The number of computer systems hijacked by hackers implanting malicious remote control software, known as bot networks, has risen dramatically over the past six months.
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The growth of bot networks, which allow hackers to take control of networks of infected machines pose an increasing risk to businesses, according to new research from Symatec.
The number of systems infected by bots has risen from less than 2,000 a day to over 30,000 systems a day over the first six months of the year, the research reveals.
Bot networks pose a risk to businesses because they allow hackers to exploit new vulnerabilities more quickly and effectively than other techniques, such as creating malicious worms.
Symentec’s research reveals that hackers are increasingly turning their attention to e-commerce sites, which are dependent on internet for their financial survival.
E-commerce was the most highly targeted industry sector during the first half of 2004. Small businesses also bore the brunt of a growing number of attacks.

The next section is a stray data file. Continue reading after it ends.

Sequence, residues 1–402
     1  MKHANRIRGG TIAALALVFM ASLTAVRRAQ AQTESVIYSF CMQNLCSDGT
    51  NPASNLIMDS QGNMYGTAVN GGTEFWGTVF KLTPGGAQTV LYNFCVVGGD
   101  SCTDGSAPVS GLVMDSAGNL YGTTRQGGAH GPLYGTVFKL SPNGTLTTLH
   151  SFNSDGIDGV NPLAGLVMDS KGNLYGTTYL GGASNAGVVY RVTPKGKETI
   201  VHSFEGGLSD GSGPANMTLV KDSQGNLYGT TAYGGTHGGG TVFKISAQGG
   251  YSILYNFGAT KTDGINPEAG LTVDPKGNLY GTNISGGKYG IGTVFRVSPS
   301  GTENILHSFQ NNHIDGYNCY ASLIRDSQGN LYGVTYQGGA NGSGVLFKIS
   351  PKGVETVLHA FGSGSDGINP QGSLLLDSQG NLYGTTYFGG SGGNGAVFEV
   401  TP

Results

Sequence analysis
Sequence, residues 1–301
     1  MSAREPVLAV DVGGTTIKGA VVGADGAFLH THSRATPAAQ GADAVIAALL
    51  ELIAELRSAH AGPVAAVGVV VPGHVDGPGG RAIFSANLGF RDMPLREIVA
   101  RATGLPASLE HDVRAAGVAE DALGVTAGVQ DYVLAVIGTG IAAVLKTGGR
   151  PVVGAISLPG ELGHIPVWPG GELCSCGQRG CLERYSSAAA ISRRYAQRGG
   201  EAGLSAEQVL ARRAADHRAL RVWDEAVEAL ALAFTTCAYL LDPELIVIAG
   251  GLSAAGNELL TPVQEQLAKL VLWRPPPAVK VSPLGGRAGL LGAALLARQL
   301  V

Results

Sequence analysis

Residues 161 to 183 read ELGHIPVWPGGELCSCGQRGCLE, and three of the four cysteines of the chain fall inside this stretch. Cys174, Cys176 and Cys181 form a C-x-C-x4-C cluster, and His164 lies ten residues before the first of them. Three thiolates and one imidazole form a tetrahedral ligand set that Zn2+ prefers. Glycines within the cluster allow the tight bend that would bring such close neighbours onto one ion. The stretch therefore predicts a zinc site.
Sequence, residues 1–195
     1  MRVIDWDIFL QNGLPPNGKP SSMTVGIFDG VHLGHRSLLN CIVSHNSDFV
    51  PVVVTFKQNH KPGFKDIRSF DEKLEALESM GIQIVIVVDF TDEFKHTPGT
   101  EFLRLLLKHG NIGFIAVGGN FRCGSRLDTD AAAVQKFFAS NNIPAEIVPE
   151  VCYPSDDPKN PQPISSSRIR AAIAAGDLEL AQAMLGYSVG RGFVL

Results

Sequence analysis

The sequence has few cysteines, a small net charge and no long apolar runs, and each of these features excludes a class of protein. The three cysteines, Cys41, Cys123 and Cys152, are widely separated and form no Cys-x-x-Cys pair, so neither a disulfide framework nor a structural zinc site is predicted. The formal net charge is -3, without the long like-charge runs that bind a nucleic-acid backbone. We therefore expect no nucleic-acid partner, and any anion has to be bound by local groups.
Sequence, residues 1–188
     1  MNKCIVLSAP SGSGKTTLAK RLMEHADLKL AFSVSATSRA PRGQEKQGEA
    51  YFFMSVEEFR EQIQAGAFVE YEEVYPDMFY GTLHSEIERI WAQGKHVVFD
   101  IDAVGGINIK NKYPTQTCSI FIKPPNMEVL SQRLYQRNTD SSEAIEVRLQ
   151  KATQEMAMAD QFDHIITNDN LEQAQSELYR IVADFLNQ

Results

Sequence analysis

"This rise may indicate that attackers may be shifting from individuals looking for notoriety towards individuals seeking illicit economic rewards. Whether the attacker intends to obtain customers' personal data, steal money or blackmail the company, organisations that depend heavily on their internet presence may be vulnerable to financially motivated attack," said Symantec.
Malicious worm activity has also increased over the past six months, with 40% of the Fortune 100 companies showing signs of infection.
Welchia and related worms accounted for 27% of the infections, slammer 20% and Blaster 11%.